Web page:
From: The Early Victorians at HomeCategory: 19th century
In town or country mansions, newly built or old, there was usually a central block with wings at each side. One wing with kitchen, pantries, laundry, storerooms, servants’ hall, housekeeper’s room and servants’ bedrooms, the other for the children and their retainers, with necessary night and day nurseries, schoolrooms, governess’s room, rooms for the upper nurserymaid (later called ‘nanny’), the under nurserymaids, and the children’s bedrooms. Master and mistress had their own bedrooms, dressing-rooms and rooms for their personal servants in the main block. But in houses of the middling and lower middling sort, such as the four or five storeys high detached or semi-detached houses in suburban Brompton, or the villas with grounds at Blackheath, or those of the new terraces in Bayswater, there were two or three bedroom floors above the drawing room. The first bedroom floor for master and mistress and, possibly, elder children, the attic floor for servants with the children’s floor sandwiched between.
The most important feature of the master bedroom was the commodious double bed. No longer was this bedroom used as a morning reception room where the lady of the house received visitors, male or female, in bed, as she had done from the time of Queen Elizabeth until well on in the eighteenth century.
The simplest and barest rooms of all were those of the servants on the attic floor. The housemaid’s bedroom, which she shared with another maid, was furnished with an old double or two single beds, a chest of drawers, a small hanging looking-glass-not to see her face in, but to enable her to adjust her cap-the old Regency tripod wash basin and ewer and, possibly, the clothes press, much battered, for her clothes. Failing that, a pegged board was ascrewed to the wall and served to hang her clothes upon. Above this was a shelf to hold a few boxes. Often a cheap curtain tacked to the shelf, or a separate calico curtain on rings, concealed the clothes. The scrubbed floor had a rug, possibly relegated from a child’s room, a table for candlesticks and trinkets or ornaments of her own, a chair or two and that was that.
In grander houses with a servants’ wing, the rooms were better and here there was a servants’ hall, and a hierarchy to be preserved among the servants. Housekeepers were, of course, grander and in great houses servants took enormous pride in being in ‘good service’.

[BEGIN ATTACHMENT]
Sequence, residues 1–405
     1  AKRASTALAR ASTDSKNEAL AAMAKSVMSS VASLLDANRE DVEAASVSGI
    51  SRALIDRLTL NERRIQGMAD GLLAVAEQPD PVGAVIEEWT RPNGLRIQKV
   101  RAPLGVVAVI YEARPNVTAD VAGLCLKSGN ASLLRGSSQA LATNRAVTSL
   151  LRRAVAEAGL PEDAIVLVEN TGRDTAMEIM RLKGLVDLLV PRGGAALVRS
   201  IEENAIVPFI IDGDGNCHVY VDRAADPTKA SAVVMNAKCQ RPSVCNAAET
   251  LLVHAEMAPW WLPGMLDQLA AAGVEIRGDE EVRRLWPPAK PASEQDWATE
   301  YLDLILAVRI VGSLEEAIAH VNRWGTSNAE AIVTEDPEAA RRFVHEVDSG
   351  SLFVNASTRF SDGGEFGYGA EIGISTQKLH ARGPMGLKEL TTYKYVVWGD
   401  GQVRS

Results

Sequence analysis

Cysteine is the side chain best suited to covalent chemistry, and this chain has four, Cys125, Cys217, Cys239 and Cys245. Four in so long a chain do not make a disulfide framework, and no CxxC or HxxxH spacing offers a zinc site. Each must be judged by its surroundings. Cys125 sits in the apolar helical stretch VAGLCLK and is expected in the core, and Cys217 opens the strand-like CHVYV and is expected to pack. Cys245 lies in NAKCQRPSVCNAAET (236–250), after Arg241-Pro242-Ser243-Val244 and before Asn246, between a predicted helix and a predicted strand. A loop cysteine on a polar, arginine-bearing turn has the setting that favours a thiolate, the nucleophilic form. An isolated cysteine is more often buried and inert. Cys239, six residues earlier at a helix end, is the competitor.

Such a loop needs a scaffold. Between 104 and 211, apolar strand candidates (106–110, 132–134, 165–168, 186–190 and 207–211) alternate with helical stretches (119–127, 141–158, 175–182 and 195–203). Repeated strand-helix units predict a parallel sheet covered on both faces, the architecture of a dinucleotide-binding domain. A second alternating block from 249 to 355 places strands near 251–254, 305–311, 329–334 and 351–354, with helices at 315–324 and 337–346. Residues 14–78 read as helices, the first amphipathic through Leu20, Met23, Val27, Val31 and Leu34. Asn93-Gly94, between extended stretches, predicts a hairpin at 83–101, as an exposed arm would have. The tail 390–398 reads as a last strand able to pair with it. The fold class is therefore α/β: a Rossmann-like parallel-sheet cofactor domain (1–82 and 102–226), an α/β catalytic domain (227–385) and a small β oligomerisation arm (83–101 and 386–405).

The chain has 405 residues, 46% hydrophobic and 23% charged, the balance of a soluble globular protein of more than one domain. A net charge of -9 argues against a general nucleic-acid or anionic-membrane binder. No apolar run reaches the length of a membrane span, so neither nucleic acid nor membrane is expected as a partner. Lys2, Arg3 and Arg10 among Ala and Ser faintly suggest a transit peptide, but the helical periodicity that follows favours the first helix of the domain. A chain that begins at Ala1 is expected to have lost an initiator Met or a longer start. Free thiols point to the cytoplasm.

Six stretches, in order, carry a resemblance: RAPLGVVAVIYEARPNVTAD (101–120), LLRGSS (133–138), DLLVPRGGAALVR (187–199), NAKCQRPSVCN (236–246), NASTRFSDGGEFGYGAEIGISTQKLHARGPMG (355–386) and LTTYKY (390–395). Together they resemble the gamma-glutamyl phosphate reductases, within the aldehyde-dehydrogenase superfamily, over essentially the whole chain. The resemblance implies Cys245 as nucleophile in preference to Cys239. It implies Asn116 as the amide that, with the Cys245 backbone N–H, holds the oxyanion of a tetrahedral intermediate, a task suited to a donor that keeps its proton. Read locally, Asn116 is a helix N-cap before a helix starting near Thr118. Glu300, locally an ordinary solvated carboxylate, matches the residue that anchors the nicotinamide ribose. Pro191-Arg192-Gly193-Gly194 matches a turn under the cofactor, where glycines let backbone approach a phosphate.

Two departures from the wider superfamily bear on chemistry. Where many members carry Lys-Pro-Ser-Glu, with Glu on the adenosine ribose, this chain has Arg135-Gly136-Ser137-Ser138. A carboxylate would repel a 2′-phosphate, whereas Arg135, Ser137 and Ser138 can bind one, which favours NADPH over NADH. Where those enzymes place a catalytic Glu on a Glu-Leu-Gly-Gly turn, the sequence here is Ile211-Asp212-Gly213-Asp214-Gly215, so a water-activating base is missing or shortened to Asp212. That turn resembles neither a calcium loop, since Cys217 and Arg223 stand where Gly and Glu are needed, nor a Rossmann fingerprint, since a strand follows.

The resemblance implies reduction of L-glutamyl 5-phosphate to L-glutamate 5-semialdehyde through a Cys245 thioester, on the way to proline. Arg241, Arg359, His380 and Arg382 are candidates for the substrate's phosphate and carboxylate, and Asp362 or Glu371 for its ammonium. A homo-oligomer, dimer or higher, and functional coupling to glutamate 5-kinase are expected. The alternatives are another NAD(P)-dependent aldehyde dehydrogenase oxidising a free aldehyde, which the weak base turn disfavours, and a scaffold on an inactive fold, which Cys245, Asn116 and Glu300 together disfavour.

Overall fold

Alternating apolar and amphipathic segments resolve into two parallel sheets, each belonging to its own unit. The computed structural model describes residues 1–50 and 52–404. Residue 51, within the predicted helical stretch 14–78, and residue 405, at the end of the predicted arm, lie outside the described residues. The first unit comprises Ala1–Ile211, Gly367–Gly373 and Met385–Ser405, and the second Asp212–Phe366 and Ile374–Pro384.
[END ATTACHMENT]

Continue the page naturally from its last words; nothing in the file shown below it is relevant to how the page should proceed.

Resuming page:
Yet even the most ill-housed, ill-fed and underpaid servant was far better off than the poor who lived in the teeming tenements of London, Manchester, Liverpool and in the mushrooming industrial towns with their squalid rows of back-to-back houses, or in the tumbledown cottages of farm labourers. Anyone who reads Henry Mayhew’s great work on the conditions of the poor in London alone, emerges half-blind with rage and pity.
Page after page of Mayhew’s book gives innumerable case histories. One family of five, he tells us, lived in the front basement kitchen of an old house in which every room was let to a different family. This family of five was very unusual: although all they had to sleep in was one bed, the room was spotlessly clean. To have kept a room spotless when water came from the nearest pump and had to be carted home in a battered bucket or in buckets hanging from a yoke over the shoulders so that the stone floor could be scoured daily; to live five in a room and yet keep that room clean and neat, to take turns in sleeping two or three in the one bed, must have taken unbelievable determination and endurance. But this family was an exception to the general rule.
Another ‘terrible hovel” which he visited had the broken windows stuffed with rags or brown paper to keep out the cold and damp. In this house with a sloping roof and half the tiles missing, he groped his way up a tottering, broken staircase to a room filled with smoke from a defective chimney. The room-where three women lived-was about nine foot square, the paper hung in shreds from the walls, the ceiling was broken and patched, but the occupants didn’t lack water as they caught it in jugs placed on the chimney piece. A rag of a carpet made from old mats inadequately covered the rotting floor. It was useful as it prevented things dropping through the floor boards. The rent was ninepence a week-a penny per square foot-and the room was furnished with three broken chairs, backless and nearly seatless, a rickety table and some bits of crockery.
In Liverpool, the darker and dingier streets inhabited by the poorer classes at every two or three steps a gin shop and the people filthy in clothes, and in person ragged, pale, women nursing their babies at dirty bosoms, men haggard, drunken, careworn, hopeless, but with a kind of patience, as if this were the rule of their life… Sometimes a decent woman may be sitting sewing or knitting at the entrance of her poor dwelling, a glance into which shows dismal poverty.
From: The Early Victorians at Home. 1837-1861 by E. Burton